live review // Michael Harrison Concert for New Music Sunday Series
words // Will Crosby

Kettle’s Yard – February 16th

Those not residing in Cambridge seem to live under the dissolution, just as I did some 5 years ago, that the city is some sort of cultural hubbub; glistening with emerging and forward-thinking artists, alive with tantalising creatives, and home to plenty of venues and events in which to showcase this artistry.

However, this is not completely the case. As a prospective student I was excited to be studying Classical music in such a city, assuring myself that outside of the capital it truly was the best place to be to soak up the rich musical tapestry I was there to study.

Yet, since living in and indulging in Cambridge I’ve noticed that the Classical concerts on offer seem very much rooted in just that, the ‘classics’. Excepting one Charles Ives concert last year, the sprinkling of concerts during ‘The Festival of Ideas’, and the concerts I myself take part in as part of the Anglia Ruskin Orchestra and Chorus, there seems to be nothing displaying some of the more adventurous works of the 20th and 21st Century.

Imagine my delight when Kettle’s Yard announced their latest series of ‘The Sunday Concerts’, dedicated to showcasing “New Music in Cambridge”. Fittingly on what must be the first sunny Cambridge day since September I eagerly arrived at Kettle’s Yard where I was greeted by the prim and proper offer of, not tea, but a cup of coffee, which I take black, of course.

The venue itself, a small gallery I hear referred to as ‘The Office’, is completely fully booked. This, the second in the current series of concerts is dedicated to the memory, life, and work of Michael Harrison, the late Director at Kettle’s Yard the compositions were created by New Music Associates that he appointed while at Kettle’s Yard. Complete with a white sheet covered sofa (one can only presume is reserved for the elite, or rather, latecomers), the room is engulfed with partially tiered seating, literally occupying every possible crevice of the space, leaving no corner or alcove chair-free.

I sit, front row, with the keyboard clearly in view, about to be brought to life by the pianist’s hand. The eyes of other patrons seemingly filled with envy as I am fortunate enough to have secured what I, and evidently they, believe to be the best seat in the house, or “office” . . . Their eyes, apparently questioning the drainpipe and denim jacket clad matchstick of a man currently disturbing the wash of beige and tweed.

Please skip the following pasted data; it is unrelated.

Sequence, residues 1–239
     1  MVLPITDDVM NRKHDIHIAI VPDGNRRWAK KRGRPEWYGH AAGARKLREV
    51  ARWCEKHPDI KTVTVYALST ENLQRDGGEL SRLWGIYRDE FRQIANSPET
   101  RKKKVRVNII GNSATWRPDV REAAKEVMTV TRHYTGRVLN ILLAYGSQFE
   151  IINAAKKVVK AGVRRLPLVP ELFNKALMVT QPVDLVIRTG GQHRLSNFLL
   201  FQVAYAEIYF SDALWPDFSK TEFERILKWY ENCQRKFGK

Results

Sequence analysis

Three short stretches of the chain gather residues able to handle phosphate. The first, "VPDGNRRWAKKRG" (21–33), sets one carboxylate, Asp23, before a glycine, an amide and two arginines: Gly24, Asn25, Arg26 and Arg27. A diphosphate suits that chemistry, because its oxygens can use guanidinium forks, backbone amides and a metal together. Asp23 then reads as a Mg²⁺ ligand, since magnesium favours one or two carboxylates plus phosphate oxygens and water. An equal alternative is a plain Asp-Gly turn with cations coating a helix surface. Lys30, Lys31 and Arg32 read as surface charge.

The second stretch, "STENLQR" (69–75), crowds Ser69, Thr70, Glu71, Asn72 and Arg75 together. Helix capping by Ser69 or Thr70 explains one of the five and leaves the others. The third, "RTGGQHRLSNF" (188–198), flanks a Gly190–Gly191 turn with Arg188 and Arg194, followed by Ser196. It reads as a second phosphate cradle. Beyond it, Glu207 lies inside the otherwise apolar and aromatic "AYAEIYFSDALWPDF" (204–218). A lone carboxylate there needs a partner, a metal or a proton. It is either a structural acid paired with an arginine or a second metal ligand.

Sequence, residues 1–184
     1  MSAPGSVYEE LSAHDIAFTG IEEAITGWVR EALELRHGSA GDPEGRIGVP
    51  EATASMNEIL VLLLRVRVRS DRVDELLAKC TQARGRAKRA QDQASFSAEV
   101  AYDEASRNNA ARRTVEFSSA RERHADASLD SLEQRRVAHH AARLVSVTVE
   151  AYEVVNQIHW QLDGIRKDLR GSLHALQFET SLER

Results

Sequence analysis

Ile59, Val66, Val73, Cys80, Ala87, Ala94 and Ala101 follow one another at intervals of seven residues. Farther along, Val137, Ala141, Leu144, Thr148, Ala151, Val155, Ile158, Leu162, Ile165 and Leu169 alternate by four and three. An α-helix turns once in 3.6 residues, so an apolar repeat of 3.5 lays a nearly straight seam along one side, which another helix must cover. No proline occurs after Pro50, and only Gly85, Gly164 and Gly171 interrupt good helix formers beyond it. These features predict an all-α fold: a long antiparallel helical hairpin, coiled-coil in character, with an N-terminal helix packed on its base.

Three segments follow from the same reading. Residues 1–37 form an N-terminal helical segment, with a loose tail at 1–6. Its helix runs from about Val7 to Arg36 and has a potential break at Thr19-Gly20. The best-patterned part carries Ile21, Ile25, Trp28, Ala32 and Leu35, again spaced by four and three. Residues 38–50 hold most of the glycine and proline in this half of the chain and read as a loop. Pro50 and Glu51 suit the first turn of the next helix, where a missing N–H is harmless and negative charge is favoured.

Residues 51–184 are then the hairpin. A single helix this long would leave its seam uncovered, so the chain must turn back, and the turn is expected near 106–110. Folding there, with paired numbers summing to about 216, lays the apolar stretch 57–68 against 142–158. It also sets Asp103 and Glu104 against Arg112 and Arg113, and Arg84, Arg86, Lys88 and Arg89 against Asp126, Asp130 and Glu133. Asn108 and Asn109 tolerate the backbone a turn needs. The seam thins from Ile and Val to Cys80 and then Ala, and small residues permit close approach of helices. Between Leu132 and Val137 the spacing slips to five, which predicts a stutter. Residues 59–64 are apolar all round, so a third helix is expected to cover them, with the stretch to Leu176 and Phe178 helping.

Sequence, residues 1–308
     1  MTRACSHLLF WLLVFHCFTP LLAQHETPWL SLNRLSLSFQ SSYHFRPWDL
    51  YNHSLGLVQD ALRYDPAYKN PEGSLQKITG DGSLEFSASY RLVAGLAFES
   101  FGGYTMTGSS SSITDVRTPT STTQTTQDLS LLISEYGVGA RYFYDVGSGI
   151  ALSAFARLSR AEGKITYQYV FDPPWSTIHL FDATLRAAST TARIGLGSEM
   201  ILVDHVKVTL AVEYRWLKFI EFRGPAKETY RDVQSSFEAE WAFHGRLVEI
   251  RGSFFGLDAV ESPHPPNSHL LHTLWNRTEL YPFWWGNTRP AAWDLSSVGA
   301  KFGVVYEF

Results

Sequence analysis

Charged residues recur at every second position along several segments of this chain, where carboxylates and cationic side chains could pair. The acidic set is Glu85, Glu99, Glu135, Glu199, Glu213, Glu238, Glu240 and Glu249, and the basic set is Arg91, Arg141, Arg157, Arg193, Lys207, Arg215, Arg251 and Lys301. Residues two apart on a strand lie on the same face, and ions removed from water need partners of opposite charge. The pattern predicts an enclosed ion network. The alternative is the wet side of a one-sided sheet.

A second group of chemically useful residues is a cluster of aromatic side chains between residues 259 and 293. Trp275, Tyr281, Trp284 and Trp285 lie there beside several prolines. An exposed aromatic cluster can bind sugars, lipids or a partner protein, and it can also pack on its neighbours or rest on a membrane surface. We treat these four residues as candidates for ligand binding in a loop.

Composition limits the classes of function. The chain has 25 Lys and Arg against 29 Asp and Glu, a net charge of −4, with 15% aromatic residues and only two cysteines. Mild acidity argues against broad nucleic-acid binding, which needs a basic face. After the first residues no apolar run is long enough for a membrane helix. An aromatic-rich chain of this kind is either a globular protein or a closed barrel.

Temporarily distracting my attentions to these glances is my observing of the piano’s placement in the room. It appears to be some two inches skewed from being straight; leaving me pondering the subliminal possibilities of a clever clerk, or simply the carelessness of the gallery’s staff. However, I must remind you, and myself, today’s concert is completely full. Before the music even begins this is already an achievement, a great success amongst Cambridge dwindling but thankfully still burning cultural wick.

After a brief introduction from the curators, cellist Anton Lukoszevieze, and pianist Mark Knoop take to the stage. What follows is truly inspiring.

Beginning with four Refrains, scored for both instruments, a mood is immediately set. The first two, composed by Mark Bowden and Anna Meredith respectively, have a similar style; both displaying the slow, simple, and light character of a more-tonal Messiaen, played at half tempo. The cello swoons over low piano drones, penetrated with the occasional dainty chord in the upper reaches of the keyboard’s range. Despite the very occasional slip in intonation it is a confident and considered open to the concert, conjuring images of a epically romantic and overblown end to a film.

The third Refrain, by Charlie Piper, demonstrates daring and technically demanding textures, glittering and dancing around the space. While, Christopher Mayo’s Refrain 4’s extended use of harmonics could have been an equally wonderful work, though the occasional slip in intonation did make this audience member slightly uncomfortable through its performance.